The Moya View


Image credit: Cynthia Gladis from the series ‘720 South Carolina.

The palms glow infrared in the night.
The city has set up tables and chairs
under them so the citizens can
feel the breeze and watch the tide.

The stick fence held together by razor wire
that separated the street from the shore use
to be longer until the hurricane blew the gate
away. What’s left, bends against the breeze.

The clouds form soaring sea eagles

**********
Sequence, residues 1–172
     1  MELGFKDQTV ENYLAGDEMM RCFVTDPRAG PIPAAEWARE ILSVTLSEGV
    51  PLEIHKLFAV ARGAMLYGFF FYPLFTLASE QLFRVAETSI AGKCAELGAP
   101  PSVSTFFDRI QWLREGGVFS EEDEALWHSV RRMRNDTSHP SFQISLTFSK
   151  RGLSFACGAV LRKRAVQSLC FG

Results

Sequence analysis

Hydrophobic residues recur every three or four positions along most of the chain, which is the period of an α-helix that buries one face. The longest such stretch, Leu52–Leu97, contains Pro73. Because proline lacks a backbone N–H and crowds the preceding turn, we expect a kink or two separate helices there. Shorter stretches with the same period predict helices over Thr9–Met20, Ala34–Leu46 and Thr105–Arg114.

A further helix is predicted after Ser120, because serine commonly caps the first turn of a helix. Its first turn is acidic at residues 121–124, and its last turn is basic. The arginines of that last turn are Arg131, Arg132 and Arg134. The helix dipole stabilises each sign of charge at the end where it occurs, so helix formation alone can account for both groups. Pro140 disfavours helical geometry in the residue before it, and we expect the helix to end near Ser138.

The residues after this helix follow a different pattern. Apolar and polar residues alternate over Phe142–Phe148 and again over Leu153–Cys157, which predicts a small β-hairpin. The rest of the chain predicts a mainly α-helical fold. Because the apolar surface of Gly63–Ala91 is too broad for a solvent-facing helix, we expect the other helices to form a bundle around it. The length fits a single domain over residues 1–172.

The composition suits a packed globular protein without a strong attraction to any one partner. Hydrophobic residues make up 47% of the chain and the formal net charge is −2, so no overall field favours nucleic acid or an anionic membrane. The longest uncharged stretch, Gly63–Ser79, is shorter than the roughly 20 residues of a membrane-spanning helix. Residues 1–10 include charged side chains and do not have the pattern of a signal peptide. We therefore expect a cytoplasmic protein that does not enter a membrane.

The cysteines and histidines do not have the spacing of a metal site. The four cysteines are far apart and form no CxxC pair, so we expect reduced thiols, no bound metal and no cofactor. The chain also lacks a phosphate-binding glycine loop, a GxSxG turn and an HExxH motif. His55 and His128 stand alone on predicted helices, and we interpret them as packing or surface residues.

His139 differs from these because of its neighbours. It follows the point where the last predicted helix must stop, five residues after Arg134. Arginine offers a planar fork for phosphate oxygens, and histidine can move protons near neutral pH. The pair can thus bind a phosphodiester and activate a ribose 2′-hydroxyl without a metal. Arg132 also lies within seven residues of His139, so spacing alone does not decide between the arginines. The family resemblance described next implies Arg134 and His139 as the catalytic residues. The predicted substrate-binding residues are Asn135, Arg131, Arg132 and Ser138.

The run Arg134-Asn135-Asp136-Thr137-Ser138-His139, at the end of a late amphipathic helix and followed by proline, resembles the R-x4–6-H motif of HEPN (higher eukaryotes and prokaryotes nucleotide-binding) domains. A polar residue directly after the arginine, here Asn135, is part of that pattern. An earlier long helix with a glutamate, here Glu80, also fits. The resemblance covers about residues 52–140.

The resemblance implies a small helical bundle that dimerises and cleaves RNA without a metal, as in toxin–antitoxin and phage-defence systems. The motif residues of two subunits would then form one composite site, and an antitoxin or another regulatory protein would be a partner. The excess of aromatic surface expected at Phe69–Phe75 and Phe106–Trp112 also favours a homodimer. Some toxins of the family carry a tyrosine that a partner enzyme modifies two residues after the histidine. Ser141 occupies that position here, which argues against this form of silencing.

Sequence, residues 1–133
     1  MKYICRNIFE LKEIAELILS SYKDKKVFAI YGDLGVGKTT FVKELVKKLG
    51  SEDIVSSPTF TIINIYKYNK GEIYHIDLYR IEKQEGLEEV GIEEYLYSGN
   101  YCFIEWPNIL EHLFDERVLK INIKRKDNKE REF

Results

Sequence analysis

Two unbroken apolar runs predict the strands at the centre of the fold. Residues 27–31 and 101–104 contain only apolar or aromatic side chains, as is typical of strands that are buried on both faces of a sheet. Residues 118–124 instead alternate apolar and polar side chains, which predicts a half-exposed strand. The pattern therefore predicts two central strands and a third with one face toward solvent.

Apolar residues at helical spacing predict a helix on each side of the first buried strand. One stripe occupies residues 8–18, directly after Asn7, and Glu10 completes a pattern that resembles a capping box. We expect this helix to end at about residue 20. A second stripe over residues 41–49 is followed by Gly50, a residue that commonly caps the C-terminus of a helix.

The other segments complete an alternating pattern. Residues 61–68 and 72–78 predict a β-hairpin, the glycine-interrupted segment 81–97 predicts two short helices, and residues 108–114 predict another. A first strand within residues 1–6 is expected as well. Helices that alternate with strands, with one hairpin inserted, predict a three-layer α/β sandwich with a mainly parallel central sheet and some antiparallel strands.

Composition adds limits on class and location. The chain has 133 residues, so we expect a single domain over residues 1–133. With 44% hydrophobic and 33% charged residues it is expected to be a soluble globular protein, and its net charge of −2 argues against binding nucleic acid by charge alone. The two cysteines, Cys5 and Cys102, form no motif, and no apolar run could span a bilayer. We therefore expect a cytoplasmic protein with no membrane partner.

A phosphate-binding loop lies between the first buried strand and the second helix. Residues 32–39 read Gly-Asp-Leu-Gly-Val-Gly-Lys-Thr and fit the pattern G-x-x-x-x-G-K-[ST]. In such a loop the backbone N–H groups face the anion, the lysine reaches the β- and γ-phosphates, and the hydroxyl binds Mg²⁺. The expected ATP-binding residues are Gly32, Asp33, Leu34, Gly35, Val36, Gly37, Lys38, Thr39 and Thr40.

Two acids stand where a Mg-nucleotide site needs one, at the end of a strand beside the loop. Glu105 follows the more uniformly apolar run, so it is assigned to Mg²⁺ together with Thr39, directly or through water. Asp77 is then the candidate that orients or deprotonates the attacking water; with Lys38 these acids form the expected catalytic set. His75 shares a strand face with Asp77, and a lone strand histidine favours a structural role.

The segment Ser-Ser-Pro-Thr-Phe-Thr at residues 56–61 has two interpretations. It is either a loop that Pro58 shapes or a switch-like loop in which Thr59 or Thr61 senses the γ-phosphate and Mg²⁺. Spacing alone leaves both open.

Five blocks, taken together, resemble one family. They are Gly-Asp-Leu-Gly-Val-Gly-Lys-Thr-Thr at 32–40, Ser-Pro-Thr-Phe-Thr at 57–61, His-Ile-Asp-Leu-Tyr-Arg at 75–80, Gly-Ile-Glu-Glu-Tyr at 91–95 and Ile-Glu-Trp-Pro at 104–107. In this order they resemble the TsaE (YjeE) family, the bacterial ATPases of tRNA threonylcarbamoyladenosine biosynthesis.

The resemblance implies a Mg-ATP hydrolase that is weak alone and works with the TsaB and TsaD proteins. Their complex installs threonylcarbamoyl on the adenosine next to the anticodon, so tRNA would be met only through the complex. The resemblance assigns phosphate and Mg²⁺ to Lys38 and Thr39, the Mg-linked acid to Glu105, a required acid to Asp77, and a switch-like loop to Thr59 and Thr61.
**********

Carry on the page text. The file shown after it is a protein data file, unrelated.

thrusting out light talons to the few crabs
scuttling to the safety of the mangrove line.

A woman in a long white beach dress,
watches the fear parade from the boardwalk.
Her hair flashes forward, slightly beyond
the gentle arch of her lithe body.

For a moment she thinks she can command
these raptors back to their nest. But there
are more clouds. There are sharp rocks.

And the unseen red heat of the night,
swirling around her girl in the black pram,
crying for her mother to push her home, away
from the facing tide, the fear huddling behind.





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